Sara Lee’s Bread Unit Sale Won’t Sizzle

Sara Lee’s proposed sale of its bread business will generate some interest from strategics and private equity firms, but don’t expect a hot bake-off.

Downers Grove, Ill.-based Sara Lee, which seems to be always selling something, has hired Bank of America to advise on options for its food and bakery unit for around $1 billion, according to Crain’s Chicago Business.

Pepperidge Farms, which is owned by Cambpell Soup Co., has showed interest in the unit, Crain’s says. Other potential bidders include Grupo Bimbo S.A. de C.V. and Flowers Foods Inc.

Canada’s George Weston, which owns Loblaw Co. Ltd. and Weston Foods, also could make a bid, one banker said. As for private equity names, there is Hostess Brands (fka Interstate Bakeries), which is 50% owned by Ripplewood Holdings.

The Sara Lee bread sale isn’t expected to be a sizzler. Interstate Bakeries, for example, struggled for years before striking a deal with Ripplewood when it came out of bankruptcy. “Although [the Sara Lee bread assets] are in better shape than Interstate was, it is still a challenging business model,” the banker said.

Sara Lee’s bread business produced $107 million in operating profits over the past three fiscal years, Crain’s said. Operating profit for the bread unit was $36 million for the first nine months of 2010, according to an SEC filing.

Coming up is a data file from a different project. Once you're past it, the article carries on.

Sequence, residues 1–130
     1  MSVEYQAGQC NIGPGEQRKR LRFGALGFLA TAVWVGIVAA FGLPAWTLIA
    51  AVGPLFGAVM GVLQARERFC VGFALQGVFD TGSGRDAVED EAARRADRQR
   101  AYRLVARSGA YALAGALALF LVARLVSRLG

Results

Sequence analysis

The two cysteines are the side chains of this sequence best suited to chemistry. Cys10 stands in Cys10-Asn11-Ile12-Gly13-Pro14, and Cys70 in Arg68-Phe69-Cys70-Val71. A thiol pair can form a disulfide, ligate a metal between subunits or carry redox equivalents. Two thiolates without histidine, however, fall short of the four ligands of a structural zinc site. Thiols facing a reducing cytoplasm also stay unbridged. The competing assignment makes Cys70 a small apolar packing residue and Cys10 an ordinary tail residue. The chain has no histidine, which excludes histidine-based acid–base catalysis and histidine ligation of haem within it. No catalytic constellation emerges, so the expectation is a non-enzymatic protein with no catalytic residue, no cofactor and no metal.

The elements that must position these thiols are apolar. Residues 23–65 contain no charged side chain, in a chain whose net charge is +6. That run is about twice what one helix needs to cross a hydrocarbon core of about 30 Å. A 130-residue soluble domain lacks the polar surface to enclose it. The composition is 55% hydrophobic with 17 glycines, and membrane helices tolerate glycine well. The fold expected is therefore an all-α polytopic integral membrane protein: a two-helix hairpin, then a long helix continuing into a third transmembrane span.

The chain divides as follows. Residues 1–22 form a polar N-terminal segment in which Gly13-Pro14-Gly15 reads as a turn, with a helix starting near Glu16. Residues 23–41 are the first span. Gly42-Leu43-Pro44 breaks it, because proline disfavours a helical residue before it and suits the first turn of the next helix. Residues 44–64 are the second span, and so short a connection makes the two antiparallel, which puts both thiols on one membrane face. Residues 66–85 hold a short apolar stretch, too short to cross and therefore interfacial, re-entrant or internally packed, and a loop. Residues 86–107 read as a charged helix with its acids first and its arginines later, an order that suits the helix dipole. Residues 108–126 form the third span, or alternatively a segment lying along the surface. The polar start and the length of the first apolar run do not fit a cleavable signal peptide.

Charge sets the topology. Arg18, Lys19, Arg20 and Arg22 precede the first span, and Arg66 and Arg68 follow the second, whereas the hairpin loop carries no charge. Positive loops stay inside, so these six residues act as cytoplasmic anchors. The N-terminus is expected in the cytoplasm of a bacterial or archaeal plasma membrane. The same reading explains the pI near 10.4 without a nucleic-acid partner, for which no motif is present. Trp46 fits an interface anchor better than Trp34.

Earlier this month, Sara Lee completed the sale of its air care business to Proctor & Gamble Co. for $470 million.

Larry Nusbaum, Vertex Capital Management’s chief operating officer, says Sara Lee’s value is in its distribution network. “With $2.2 billion in sales, that’s a large operation,” says Nusbaum.

Vertex Capital owns several consumer products companies, including Ronco (think the infomercials with Ron Popeil pitching the Veg-O-Matic or the Showtime Rotisserie Oven). “Bakeries are very difficult,” Nusbaum says. “The machinery depreciates and the business is very labor intensive.”

Sara Lee owns Earthgrains Co., a breadmaker, which would make it attractive to a consumer products company. Nusbaum doesn’t believe the Sara Lee bread unit is a deeply distressed situation, but PE investors like Cerberus, the Blackstone Group and Comvest Group could be interested, he says.

Vertical heavy food businesses, including baked goods or disposables without unique patents, typically sell for 4 to 5 times EBITDA, Nusbaum says. By comparison, nutraceuticals (vitamins) can go for 6 to 8 times, while housewares are being sold for 5 to 6 times, he says. “The Sara Lee bread business is an overhead intensive business,” Nusbaum says.

Officials for Sara Lee and Hostess declined comment.